Analyze This: Not all races saw equal improvements in this air pollutant

Levels of NO2 in air fell overall from 2000 to 2010, but not equally for all neighborhoods

U.S. levels of nitrogen dioxide (NO2), a common traffic-related air pollutant, have fallen. However, neighborhoods where most residents are people of color tended to see the smallest improvements, new data show.

Kichigin/iStockphoto

On average, people in the United States were breathing lower levels of a common air pollutant in 2010 than 10 years earlier. That’s the conclusion of a new study. It compared how pollution levels and the racial makeup of residents varied by neighborhood. And it did that for every neighborhood in the continental United States. To do this, scientists used data from the U.S. Census, from satellites and from air-quality stations.

The pollutant, nitrogen dioxide (NO2), can cause breathing problems. So a decrease is good news. However, the study also found that people of color tended to be exposed to more of this pollutant than were whites at both time periods.

Story continues below video.

This video shows how levels of one air pollutant (NO2) changed between 2000 and 2010 for different racial groups in the United States. University of Washington

This surprised researchers. “There are [differences] in exposure to air pollution that are persisting over time,” says Lara Clark. She is a graduate student in engineering at the University of Minnesota in Minneapolis. Her team published its findings September 14 in Environmental Health Perspectives.

Air pollution can have a direct impact on health. NO2, in particular, irritates the lungs. So breathing it can worsen lung diseases, such as asthma. This pollutant also can cause coughing, wheezing and difficulty breathing.

The main source of NO2 in U.S. air is the burning of fossil fuels. Vehicles powered by gasoline or diesel fuel often are the most common source of this pollutant. This tends to be especially true in cities. Previous research had suggested minority groups and people in low-income households were most likely to live near roads with the most traffic, and therefore the most NO2.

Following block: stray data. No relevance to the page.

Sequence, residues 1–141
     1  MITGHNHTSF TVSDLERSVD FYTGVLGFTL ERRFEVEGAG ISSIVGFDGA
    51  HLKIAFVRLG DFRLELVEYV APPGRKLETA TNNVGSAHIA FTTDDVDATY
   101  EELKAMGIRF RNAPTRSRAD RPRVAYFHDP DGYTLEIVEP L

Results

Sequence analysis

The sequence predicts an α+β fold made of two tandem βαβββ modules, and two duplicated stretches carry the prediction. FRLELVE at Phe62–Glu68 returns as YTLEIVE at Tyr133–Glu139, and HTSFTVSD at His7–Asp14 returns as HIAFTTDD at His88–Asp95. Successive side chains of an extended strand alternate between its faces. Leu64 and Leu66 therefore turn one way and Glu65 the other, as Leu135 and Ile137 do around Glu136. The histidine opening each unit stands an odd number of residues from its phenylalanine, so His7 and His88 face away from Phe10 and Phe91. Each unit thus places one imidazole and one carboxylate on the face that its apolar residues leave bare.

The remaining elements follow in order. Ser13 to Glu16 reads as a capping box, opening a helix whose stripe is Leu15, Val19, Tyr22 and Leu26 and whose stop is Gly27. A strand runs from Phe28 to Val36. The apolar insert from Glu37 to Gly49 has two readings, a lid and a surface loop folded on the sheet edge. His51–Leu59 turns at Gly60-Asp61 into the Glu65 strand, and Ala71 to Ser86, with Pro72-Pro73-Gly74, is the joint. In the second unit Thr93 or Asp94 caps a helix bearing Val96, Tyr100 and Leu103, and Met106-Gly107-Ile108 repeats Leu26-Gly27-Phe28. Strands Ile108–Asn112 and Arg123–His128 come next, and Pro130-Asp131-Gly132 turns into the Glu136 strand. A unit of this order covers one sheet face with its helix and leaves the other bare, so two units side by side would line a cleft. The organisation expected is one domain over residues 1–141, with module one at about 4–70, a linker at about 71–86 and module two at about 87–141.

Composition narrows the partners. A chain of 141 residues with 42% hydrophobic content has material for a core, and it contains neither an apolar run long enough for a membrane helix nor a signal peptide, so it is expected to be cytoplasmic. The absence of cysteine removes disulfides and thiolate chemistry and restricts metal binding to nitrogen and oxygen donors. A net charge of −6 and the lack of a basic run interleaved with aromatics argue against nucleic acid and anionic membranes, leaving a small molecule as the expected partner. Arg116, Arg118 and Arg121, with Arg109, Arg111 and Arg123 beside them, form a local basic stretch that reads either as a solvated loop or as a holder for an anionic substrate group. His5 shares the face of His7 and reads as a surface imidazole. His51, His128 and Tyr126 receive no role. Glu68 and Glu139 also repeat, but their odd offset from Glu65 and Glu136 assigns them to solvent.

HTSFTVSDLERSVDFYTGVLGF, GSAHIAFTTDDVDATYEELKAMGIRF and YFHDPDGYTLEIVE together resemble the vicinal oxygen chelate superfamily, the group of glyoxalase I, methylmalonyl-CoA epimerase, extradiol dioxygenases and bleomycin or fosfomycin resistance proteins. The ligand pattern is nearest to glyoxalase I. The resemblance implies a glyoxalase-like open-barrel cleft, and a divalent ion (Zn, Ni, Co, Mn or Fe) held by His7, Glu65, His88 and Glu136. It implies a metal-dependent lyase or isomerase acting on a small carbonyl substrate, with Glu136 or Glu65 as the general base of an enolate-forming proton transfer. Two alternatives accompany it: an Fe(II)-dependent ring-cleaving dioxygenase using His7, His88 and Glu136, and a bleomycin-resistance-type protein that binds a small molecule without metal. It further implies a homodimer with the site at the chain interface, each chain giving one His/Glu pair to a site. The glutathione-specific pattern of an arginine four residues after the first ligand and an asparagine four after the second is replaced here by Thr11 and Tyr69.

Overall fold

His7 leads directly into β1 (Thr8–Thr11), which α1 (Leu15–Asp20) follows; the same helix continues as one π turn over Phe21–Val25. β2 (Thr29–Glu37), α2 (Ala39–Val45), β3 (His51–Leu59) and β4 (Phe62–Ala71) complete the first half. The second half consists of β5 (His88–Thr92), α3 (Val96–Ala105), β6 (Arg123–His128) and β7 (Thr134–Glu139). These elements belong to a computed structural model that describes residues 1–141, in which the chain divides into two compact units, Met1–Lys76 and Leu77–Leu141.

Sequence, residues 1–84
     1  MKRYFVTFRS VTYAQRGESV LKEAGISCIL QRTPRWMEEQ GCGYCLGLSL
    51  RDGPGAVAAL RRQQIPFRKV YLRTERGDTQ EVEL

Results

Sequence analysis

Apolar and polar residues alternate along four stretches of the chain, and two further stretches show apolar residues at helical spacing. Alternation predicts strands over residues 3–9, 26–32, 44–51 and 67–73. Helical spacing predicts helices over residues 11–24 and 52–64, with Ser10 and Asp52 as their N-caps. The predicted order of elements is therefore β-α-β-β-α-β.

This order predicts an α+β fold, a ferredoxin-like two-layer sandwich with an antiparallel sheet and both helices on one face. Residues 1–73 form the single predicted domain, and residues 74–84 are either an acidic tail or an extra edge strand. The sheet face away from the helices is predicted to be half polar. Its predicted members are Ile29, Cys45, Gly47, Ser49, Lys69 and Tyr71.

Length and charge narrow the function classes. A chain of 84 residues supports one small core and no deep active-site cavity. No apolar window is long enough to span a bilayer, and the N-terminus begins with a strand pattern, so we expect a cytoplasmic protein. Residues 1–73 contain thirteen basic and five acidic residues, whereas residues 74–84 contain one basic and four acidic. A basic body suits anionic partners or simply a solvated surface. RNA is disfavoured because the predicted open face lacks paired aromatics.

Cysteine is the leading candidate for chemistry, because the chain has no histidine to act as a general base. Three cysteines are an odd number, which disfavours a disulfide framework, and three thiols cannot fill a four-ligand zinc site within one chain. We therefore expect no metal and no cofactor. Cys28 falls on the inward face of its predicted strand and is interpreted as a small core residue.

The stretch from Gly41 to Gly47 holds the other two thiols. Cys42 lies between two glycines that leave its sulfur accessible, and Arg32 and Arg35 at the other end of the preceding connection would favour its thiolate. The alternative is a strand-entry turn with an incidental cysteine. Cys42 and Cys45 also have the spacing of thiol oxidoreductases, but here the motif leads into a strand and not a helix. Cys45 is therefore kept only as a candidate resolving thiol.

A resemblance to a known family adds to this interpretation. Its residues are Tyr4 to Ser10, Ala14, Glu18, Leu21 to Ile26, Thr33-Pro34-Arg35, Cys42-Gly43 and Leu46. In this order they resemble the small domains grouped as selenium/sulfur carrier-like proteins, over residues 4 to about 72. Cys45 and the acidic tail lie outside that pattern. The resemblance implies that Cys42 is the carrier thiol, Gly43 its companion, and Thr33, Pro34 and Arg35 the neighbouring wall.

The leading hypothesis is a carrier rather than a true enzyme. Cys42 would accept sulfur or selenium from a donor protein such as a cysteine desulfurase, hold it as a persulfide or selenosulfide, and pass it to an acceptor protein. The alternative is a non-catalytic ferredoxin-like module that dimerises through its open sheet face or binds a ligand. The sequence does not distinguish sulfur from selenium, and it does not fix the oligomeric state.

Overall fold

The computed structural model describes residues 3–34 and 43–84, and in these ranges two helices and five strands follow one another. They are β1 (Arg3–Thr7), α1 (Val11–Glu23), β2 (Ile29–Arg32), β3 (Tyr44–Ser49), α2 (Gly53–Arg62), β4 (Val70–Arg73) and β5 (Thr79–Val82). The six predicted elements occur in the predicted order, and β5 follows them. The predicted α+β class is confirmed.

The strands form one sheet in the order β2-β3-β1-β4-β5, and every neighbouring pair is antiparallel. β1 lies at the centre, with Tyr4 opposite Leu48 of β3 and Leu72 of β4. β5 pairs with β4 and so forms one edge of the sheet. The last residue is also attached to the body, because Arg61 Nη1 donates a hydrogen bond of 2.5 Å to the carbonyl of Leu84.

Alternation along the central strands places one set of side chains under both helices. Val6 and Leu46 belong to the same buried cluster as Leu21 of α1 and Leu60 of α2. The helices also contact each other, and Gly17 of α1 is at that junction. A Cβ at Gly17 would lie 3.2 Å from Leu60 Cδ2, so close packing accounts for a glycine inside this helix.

Because NO2 can harm health, governments have acted to cut how much is emitted into the air. Clark’s team wanted to measure how effective U.S. programs had been.

They started by creating a computer program to estimate air pollution from 2000 to 2010 on the neighborhood scale. This computer model combined satellite, air-quality and land-use data (information on where there are roads, houses and businesses) to estimate local pollution levels. The program also used census data to identify the race of the residents in each neighborhood.

Exposure to NO2 decreased for all neighborhoods, the data show. However, neighborhoods that were majority white tended to see bigger reductions in NO2 levels than did those where a greater share of the residents were people of color.

“When it comes to how much NO2 a person breathes, it’s still race that matters most,” says study author Julian Marshall. He is a civil and environmental engineer at the University of Washington in Seattle.

Marshall says that this team’s work could provide the know-how to help provide environmental improvements that would help everyone equally.


NO2 concentration in parts per billion (ppb) 2000 2010
People of color 17.6 ppb 10.7 ppb
Whites 12.6 ppb 7.8 ppb
730_NO2_Race_Year.png
This graph is also a representation of the data from the table above. Both show how neighborhood NO2 concentrations dropped over a decade.Source: L. Clark, et al/Environmental Health Perspectives 2017; Credit: L. Steenblik Hwang

Data dive: 

1. How did exposure to NO2 increase or decrease for each group of people from 2000 to 2010?

2 How much more NO2, by percentage, polluted neighborhoods in 2000 where a majority of residents were people of color? What about in 2010?

3. As seen in the video, researchers also studied variables such as age, education level, income level and race or ethnicity. Can you think of other variables that might be useful for comparisons in such a study?

Beyond the data:

1. Low-income people and people of color are more likely to live near major roads, with more traffic — and therefore more pollution. Why is this? In a group, brainstorm to come up with a list of at least three possible reasons.

2. The engine in an electric car does not produce the same air pollution that a gasoline-powered engine does. The number of electric cars is expected to increase in the future. How might this affect air pollution levels? Will the inequalities from one neighborhood to another that exist today still be likely to exist 10 years from now (assuming most people do not move)? Explain your reasoning.

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Analyze This! explores science through data, graphs, visualizations and more. Have a comment or a suggestion for a future post? Send an email to sns@sciencenews.org.

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